He also mentioned the absence of a rail connection. Mr Durney said the Dublin Bay infill proposal was “the best option in environmental and operational terms”.

    Dublin Port already had a good connection to the M1 and M50 motorways and was “at the hub of the railway system and is strategically placed to offer connectivity to a more sustainable form of transport that is likely to increase in future years”.

    Mr Durney also said Dublin was the most suitable site for an expansion of the State’s unitised container handling capacity

  • Closed Accounts Posts: 5,207 ✭✭✭meditraitor
    Thursday, 5 November 2009
    10:00 am

    Liz McManus (Wicklow, Labour)

    Question 47: To ask the Minister for Transport the position regarding the development of Bremore Port, County Meath; if he has reviewed the recent viewing arrangements for key planning applications at Bremore; and if he will make a statement on the matter. [39551/09]

    Noel Dempsey (Minister, Department of Transport; Meath West, Fianna Fail)

    Drogheda Port Company, together with their partners Castlemarket Holdings, are continuing to progress their plans to develop a deepwater port facility at Bremore.

    I understand that pre-planning consultations have taken place with An Bord Pleanála. However, to date no planning application has been lodged in respect of the development.
    In July this year, Drogheda Port Company made an application to me for a ministerial order to extend the company’s harbour limits to the area around the Bremore site.

    A public consultation with respect of such orders is not a statutory requirement. However, public consultation was carried out prior to a previous alteration of the company’s harbour limits in 2004 and the company conducted a similar consultation in this instance.

    This is not a planning application and any order made has no consequence in terms of planning legislation.

    The consultation period concluded on 9 September and the documentation has now been returned to me with a confirmation from the Gardaí that it was on public display from 19 August for a period of 21 days.

    I have received a number of submissions in response to the consultation and am in the process of considering these before making my decision regarding the order
    And hopefully never will

  • Registered Users Posts: 7,588 ✭✭✭Bluetonic

    And hopefully never will
    Here, here.

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  • Registered Users Posts: 7,588 ✭✭✭Bluetonic

    This won't be a deep water if build at Gormo.

    Anything that puts doubt in this project going ahead is good though.
    Port developers anxious to avoid ‘very significant’ neolithic complex, writes FRANK MACDONALD , Environment Editor

    A PROPOSED deepwater container port at Bremore in north Co Dublin may be moved farther north to Gormanston, Co Meath, to avoid encroaching on a neolithic complex of passage tombs.

    A spokesman for Treasury Holdings, which is planning to develop the new facility in partnership with Drogheda Port, confirmed yesterday that one of the options now being considered was to “shift it off Bremore headland” for archaeological reasons.

    He said it had become clear at an early stage that the neolithic complex at Bremore was “very significant”, and the developers would be anxious to avoid it by examining alternative locations, such as Gormanston.

    However, no final decision has been taken.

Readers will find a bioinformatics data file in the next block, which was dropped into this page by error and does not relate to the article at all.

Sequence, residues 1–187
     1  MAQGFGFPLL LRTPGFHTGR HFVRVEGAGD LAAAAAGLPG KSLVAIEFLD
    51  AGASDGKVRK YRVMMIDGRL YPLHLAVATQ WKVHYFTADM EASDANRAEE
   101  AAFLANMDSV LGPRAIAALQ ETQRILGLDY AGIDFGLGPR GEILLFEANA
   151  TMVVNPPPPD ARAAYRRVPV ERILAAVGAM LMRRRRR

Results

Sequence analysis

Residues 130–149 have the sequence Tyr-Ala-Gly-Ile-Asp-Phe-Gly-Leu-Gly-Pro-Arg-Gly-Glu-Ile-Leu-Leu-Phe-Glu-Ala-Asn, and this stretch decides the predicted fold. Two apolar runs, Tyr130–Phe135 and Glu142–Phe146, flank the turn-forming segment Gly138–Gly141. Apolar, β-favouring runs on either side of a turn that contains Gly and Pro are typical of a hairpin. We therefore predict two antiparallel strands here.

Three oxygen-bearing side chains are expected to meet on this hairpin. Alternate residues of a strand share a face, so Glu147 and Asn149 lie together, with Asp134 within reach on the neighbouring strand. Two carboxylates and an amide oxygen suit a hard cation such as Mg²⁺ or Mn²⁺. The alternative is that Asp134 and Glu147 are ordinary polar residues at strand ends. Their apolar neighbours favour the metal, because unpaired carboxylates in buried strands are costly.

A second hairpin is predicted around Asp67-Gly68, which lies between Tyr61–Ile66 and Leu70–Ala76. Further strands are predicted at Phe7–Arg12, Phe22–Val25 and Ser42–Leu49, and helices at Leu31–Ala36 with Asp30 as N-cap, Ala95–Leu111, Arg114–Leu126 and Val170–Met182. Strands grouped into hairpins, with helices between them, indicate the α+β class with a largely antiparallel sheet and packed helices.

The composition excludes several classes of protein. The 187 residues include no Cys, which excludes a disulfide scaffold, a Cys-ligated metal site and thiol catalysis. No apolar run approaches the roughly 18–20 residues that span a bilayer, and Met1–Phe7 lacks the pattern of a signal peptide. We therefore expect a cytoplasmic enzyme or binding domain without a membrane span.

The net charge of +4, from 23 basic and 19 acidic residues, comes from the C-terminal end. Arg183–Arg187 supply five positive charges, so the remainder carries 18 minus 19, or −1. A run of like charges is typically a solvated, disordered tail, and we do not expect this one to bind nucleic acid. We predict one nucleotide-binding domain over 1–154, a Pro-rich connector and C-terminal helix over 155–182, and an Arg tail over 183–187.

One of the constraints is that the Gormanston site is partly covered by an EU-designated special protection area (SPA) for wild birds.

    It is also believed to contain another archaeological complex, though this is not thought to be as significant as the one located at Bremore.

    “We’ve done a significant amount of preliminary work, including archaeological investigations by Margaret Gowen and Company,” the spokesman said, adding that Treasury would now be taking on an environmental specialist to assess the Gormanston option.

    Treasury acquired options to purchase several landholdings at Bremore before entering into partnership with Drogheda Port, but it is understood the company holds none for Gormanston.

    Land in the area would be cheaper to acquire now due to the property crash.

    “We now have to work through the environmental issues as well as the cultural heritage and archaeological issues,” the spokesman said.

    He added that Treasury and its partners would be consulting with “all the various interests”, such as An Taisce, which it has met already.

    It is likely to be autumn before a firmer proposal will be put out for consultation.

    “Ireland needs a deepwater port; the IDA (Industrial Development Authority) is conscious that we are losing projects because we don’t have one,” according to the spokesman.

    An Taisce’s monuments and antiquities committee has warned that any port development at Bremore would “completely obliterate a passage tomb cemetery of neolithic date with affinities to Newgrange and a mid-16th century historic harbour site”.

    Commenting on the possibility that it could be relocated to Gormanston, committee chairman Dr Mark Clinton said it would be likely to affect a sandy beach “most beloved in the locality” and shoreline that forms part of the river Nanny SPA.

    Any such plan would require a full assessment of its environmental effects to be prepared and placed before the public prior to being approved.

    “It would appear that the exact opposite of these legal requirements is in motion,” Dr Clinton said.

    He also queried the need for a new port, noting that throughput at Drogheda Port had fallen by 50 per cent in 2008, according to its most recent set of accounts, while business at Dublin Port was down by 10 per cent.

    “There is no need for a new deepwater port,” he said.

  • Registered Users Posts: 11,516 ✭✭✭✭expectationlost

    “We’ve done a significant amount of preliminary work, including archaeological investigations by Margaret Gowen and Company

    and when are the public going to see this ?

    what else have they found, will these industrial archaeologist damage more sites before the public find out?

    these things can continue even if the progress of the port is slowed or moved.

    doesn't make any sense to me, their USP was that it was to be deeper for the biggest ships, can they build and dredge enough depth off gormanstown, was the headland of bremore, giving more depth to a potential port there. of course then wanted to stretch the port from bremore head to cardy rocks, doe such rocks exist off gormanstown?

    noises about it moving is as a vague and likely to to be red herring as anything about this.